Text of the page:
If, instead of constructing BTR properties, more investment was put into improving the vast amount of substandard residential property across Europe, governments would have a much better chance of reaching their targets for net zero carbon. The built environment is responsible for almost 40% of energy and process-related emissions globally, according to Savills Research, and it’s misguided to believe that building highly efficient new homes is anything more than a tiny part of the solution. It can take decades for the energy savings from efficiency to match the carbon generated during construction. Many more solutions are needed, particularly in the residential sector, the largest proportion of real estate.
In short, the greenest building is one that already exists. Single-family provides an ideal opportunity for institutional investors to tackle the 98% of residential property that already exists, upgrading homes for a sustainable future. If the corporate sector is truly committed to net zero, they won’t be able to achieve this by tinkering with 2% of the market.
Benefits for residents
Upgrading existing SFR doesn’t stop at environmental sustainability. A lot of the assets we buy are substandard, acquired from owner-occupiers or private landlords who haven’t looked after them. Our local teams on the ground are adept at spotting opportunities where a home can be brought up to today’s aspirational living standards, both aesthetically and by providing the level of technology that residents expect from a 21st century landlord.
Our mantra is ‘quality housing at fair pricing’ and we are proud to create homes that people enjoy living in, often at a rent that is below market level as we can afford to do so. The result is a secure, loyal, happy resident. Our ambition is to enhance existing communities, so people can find the home they’re looking for without having to look further afield for high-quality housing.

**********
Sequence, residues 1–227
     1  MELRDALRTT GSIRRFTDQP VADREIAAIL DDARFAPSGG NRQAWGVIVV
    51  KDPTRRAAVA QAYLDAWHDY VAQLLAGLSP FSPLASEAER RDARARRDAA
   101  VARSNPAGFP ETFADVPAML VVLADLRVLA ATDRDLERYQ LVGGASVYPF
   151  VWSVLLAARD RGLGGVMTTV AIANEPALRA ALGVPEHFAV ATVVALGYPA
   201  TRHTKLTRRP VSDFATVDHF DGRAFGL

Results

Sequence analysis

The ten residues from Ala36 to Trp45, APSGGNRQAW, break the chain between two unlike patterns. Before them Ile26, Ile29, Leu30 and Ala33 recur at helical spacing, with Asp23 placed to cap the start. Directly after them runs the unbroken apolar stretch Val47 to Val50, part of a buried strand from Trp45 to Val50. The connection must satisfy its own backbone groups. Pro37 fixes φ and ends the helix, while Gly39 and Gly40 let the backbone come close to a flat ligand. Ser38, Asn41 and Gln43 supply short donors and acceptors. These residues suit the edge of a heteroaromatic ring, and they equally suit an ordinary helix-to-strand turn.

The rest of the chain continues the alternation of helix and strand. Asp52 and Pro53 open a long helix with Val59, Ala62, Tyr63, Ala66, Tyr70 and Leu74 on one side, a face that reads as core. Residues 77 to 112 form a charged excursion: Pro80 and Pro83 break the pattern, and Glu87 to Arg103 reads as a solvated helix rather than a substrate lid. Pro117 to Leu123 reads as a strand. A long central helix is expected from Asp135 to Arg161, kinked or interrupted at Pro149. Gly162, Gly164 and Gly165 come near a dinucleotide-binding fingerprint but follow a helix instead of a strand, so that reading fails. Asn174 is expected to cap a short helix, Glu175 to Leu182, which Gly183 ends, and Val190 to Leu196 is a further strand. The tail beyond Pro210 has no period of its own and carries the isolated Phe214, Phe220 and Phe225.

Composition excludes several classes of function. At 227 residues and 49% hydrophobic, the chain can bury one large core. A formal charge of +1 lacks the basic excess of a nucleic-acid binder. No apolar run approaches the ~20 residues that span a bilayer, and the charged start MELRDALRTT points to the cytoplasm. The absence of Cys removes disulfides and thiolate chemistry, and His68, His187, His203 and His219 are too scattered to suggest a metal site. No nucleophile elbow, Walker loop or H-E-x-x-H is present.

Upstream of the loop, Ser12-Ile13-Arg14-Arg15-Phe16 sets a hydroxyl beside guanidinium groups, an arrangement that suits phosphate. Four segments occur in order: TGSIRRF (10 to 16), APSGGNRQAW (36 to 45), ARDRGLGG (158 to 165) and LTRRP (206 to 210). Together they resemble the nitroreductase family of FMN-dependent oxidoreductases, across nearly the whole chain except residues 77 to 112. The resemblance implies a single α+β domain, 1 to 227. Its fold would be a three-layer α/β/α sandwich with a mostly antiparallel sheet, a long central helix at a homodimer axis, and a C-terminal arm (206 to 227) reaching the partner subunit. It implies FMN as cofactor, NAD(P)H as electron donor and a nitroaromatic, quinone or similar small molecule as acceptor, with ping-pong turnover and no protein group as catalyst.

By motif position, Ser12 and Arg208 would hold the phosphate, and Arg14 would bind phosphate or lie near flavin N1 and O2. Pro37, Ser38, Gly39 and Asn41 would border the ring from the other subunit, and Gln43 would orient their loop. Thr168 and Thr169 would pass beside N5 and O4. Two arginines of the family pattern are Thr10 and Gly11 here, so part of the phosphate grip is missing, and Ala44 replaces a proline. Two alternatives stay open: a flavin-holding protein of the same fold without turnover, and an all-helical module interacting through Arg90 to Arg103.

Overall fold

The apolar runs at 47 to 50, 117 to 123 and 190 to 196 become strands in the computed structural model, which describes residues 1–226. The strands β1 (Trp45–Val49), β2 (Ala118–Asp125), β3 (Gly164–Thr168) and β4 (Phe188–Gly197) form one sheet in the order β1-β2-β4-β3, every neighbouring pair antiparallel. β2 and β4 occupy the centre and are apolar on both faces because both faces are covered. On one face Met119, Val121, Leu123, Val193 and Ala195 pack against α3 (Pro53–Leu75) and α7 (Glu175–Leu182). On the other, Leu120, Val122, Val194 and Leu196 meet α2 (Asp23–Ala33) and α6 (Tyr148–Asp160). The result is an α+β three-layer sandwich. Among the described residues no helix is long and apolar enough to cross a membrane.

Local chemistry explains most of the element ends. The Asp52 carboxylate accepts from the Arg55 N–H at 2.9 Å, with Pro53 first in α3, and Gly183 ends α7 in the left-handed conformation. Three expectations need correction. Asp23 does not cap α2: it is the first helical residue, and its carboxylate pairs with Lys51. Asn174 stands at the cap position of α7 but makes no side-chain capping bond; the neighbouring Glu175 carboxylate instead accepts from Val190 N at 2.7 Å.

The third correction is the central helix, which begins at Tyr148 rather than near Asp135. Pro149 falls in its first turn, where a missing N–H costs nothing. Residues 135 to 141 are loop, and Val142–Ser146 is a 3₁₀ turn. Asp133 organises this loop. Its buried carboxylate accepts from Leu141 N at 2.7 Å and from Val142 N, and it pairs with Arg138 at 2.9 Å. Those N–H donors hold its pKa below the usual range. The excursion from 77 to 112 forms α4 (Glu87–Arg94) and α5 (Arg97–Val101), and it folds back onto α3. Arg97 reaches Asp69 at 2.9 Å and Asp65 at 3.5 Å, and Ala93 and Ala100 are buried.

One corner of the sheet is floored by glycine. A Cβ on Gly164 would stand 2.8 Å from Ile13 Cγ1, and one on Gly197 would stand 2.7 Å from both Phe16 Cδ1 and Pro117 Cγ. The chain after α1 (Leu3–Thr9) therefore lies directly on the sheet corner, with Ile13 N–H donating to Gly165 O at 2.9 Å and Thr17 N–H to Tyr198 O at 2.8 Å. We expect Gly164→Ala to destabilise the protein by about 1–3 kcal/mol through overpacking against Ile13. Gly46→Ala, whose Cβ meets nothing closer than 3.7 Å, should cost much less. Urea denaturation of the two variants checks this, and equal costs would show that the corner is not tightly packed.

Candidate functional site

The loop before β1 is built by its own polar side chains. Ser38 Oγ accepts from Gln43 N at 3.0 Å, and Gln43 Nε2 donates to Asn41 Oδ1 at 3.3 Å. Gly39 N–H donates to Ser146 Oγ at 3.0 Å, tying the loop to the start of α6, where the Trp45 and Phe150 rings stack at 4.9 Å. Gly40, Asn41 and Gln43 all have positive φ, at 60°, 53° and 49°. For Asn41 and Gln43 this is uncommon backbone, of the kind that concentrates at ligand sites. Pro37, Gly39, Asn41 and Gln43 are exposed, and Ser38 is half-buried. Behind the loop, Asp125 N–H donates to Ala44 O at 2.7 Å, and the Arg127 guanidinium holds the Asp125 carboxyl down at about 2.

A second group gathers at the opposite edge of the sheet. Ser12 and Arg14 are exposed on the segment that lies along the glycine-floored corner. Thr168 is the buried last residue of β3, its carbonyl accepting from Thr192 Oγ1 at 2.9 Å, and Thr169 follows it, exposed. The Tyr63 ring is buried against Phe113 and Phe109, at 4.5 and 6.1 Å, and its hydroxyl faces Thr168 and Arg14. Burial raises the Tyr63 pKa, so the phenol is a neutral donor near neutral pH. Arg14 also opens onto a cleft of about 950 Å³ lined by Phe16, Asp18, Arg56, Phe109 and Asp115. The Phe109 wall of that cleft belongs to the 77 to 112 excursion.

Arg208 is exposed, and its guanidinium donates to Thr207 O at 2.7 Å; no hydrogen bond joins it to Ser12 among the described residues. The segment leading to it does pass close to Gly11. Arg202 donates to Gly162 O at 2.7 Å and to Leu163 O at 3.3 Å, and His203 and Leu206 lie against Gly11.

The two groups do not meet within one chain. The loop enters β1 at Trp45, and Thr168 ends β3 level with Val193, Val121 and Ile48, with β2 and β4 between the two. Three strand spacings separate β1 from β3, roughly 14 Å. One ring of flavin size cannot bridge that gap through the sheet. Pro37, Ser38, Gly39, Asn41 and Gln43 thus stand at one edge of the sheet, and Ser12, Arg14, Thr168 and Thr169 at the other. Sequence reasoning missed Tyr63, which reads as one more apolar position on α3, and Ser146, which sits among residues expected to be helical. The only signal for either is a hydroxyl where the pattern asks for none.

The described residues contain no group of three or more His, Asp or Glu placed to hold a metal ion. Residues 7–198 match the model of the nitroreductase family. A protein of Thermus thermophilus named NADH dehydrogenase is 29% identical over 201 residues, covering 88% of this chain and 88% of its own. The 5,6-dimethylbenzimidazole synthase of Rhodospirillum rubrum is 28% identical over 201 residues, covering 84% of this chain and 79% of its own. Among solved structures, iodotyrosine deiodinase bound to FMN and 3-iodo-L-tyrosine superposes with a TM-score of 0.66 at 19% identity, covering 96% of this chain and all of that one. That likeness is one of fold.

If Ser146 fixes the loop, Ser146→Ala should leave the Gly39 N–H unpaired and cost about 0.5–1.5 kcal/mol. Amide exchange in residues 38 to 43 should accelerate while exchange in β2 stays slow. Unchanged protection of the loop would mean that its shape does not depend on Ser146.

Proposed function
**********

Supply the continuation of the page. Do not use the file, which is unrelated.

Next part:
In contrast, every aspect of a BTR scheme must be analysed, right down to the value and use of each square metre. In the end, the quality of the resident’s living space and experience might be compromised. And while BTR schemes often offer services and benefits that some people can pay a premium for, in certain markets they are pricing homes out of the reach of many renters.
The final, clear benefit, of existing SFR is that it offers a secure, diversified investment. There is huge scope to build, very quickly, a sizeable income-generating portfolio that is stabilised. Assets can span cities, even countries, providing diversified risk that can weather any storm.
A BTR scheme may generate higher returns, once it is up and running, but the risk is higher. Having a single, large asset in one location is essentially putting a lot of eggs in one basket – what if a nearby planning permission has a negative effect on residents’ outlook, or a pandemic means that people suddenly want to leave the city centre? It’s also possible to create large rental assets that effectively compete against each other for residents. If demand were to drop, the result could be long periods of vacancy.
Managing dispersed residential units, particularly through an end-to-end partner such as IMMO, is the lowest risk you can have. We can find properties, create, up-cycle and manage a portfolio quickly and seamlessly, using the power of technology and data available today.